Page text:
Public school teachers will remember the emails from then-candidate Tate Reeves that landed in their school inboxes shortly before last November’s election, promising that teacher pay raises would follow if they would help elect him governor.
This week, Gov. Reeves released his Executive Budget Recommendation for the coming fiscal year, and missing from it is any mention of a teacher pay raise. Not a penny more for our teachers. Instead, Reeves used his budget recommendation narrative to accuse teachers of “poisoning a generation,” saying that in our public schools “young children have suffered from indoctrination in far-left socialist teachings…” He proposes to rectify the harm he alleges by taking $3-million of current school funding and using it for a “Patriotic Education Fund.” In addition to shifting that $3-million, the “Supporting Quality K-12 Education” portion of his report recommends cutting the budget of any school district that does not provide in-person teaching during the pandemic. Overall, his recommendation is to reduce the already diminished state spending on pre-k through grade 12 by another $190,000.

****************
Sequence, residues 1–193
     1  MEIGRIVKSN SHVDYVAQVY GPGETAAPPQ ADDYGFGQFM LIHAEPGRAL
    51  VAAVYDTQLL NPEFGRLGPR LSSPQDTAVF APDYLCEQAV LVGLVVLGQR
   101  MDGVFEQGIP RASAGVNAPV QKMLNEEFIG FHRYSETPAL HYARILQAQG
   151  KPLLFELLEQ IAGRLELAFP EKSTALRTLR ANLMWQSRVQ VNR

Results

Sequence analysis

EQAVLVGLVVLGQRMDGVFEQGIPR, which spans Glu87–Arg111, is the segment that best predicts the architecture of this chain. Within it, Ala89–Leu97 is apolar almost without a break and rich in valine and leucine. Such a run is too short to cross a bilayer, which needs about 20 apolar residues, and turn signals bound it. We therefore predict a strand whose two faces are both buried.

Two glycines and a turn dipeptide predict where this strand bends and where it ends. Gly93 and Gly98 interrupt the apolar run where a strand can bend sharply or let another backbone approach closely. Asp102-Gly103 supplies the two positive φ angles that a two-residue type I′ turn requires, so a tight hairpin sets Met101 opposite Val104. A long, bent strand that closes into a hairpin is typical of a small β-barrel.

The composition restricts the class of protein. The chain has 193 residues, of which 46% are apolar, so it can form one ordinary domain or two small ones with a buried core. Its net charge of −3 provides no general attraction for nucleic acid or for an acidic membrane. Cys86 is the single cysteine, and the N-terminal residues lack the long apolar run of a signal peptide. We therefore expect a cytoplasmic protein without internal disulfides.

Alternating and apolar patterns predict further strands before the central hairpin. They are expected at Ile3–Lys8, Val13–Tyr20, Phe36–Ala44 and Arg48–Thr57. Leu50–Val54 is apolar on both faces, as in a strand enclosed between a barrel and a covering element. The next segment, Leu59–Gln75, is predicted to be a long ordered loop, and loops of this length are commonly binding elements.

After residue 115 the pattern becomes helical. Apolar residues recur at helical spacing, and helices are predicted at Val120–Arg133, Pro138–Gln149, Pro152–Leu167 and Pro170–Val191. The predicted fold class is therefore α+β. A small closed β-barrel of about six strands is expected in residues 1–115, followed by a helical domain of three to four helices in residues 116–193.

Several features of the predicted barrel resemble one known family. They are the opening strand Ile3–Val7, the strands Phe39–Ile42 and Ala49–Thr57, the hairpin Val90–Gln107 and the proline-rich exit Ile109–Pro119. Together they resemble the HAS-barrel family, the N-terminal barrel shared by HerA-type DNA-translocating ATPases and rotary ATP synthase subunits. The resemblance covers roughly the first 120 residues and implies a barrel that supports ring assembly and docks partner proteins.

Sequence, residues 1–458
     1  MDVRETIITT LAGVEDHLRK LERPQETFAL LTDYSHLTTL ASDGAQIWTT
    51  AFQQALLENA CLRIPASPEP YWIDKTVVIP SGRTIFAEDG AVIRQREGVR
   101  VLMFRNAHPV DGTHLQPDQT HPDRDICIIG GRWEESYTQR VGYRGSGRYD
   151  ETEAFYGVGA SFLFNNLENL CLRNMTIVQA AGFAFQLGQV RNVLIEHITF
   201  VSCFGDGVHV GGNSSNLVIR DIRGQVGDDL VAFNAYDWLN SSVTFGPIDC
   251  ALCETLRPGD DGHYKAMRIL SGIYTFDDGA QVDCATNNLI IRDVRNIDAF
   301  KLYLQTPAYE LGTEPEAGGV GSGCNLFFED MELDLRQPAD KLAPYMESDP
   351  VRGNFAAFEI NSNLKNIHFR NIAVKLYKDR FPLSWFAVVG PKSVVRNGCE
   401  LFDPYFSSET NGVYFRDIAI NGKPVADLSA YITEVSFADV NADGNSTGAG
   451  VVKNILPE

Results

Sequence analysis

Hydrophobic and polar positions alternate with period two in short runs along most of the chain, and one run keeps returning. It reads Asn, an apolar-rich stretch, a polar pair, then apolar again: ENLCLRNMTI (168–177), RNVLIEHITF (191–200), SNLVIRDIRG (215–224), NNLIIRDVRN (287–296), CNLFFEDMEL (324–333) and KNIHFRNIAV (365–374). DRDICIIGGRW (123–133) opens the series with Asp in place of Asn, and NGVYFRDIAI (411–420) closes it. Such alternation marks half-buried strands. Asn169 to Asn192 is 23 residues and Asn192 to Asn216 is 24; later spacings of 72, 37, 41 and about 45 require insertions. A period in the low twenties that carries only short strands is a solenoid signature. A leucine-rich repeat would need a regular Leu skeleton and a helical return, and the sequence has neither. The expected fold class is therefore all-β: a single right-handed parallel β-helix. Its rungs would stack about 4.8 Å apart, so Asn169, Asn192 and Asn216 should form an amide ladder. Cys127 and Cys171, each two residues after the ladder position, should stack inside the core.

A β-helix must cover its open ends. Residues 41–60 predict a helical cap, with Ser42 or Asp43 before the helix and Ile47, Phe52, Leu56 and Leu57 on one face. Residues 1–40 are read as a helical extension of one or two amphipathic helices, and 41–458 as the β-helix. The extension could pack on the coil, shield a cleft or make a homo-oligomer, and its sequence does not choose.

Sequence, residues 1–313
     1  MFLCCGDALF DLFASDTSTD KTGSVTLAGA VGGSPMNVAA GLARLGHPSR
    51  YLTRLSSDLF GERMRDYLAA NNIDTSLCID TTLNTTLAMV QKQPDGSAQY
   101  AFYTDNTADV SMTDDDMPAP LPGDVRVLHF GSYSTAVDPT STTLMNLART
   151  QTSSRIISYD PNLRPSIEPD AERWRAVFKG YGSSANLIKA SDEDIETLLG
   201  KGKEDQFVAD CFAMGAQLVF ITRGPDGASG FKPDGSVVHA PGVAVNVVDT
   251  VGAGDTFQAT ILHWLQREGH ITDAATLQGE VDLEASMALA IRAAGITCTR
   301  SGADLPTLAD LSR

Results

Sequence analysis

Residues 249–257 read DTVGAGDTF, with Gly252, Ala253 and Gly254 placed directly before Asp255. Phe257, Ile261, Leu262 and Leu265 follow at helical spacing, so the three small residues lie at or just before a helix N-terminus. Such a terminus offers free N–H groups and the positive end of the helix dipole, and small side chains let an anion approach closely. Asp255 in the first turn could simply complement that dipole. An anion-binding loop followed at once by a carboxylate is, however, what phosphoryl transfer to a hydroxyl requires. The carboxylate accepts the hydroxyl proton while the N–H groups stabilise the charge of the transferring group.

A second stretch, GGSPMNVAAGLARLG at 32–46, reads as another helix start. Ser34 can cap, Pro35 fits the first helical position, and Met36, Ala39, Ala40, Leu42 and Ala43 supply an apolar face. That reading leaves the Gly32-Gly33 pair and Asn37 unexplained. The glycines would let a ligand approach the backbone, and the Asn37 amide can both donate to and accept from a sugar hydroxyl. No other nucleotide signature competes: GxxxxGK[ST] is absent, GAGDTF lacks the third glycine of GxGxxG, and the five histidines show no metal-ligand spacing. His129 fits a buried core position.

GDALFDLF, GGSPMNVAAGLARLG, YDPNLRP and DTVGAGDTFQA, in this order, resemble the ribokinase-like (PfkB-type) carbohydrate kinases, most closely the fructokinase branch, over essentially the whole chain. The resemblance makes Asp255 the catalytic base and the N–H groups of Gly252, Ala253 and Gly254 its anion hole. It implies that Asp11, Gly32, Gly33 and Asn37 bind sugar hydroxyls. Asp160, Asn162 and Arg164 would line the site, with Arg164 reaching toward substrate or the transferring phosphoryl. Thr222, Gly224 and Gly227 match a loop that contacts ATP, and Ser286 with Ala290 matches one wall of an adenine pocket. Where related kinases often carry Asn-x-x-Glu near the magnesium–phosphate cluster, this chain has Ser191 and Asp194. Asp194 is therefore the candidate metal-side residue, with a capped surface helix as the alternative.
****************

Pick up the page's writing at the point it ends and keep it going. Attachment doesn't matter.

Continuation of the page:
Fortunately, it is the Legislature, not the governor, that decides the budget. Gov Reeves’ recommendation is just that – only a recommendation – and it typically is paid little attention by the Legislature. Last month, Lt. Gov. Delbert Hosemann, Senate Education Chair Dennis DeBar, and House Education Chair Richard Bennett spoke to members of The Parents’ Campaign and expressed a sincere hope that Mississippi’s revenue will allow passage of a teacher pay raise in the coming legislative session.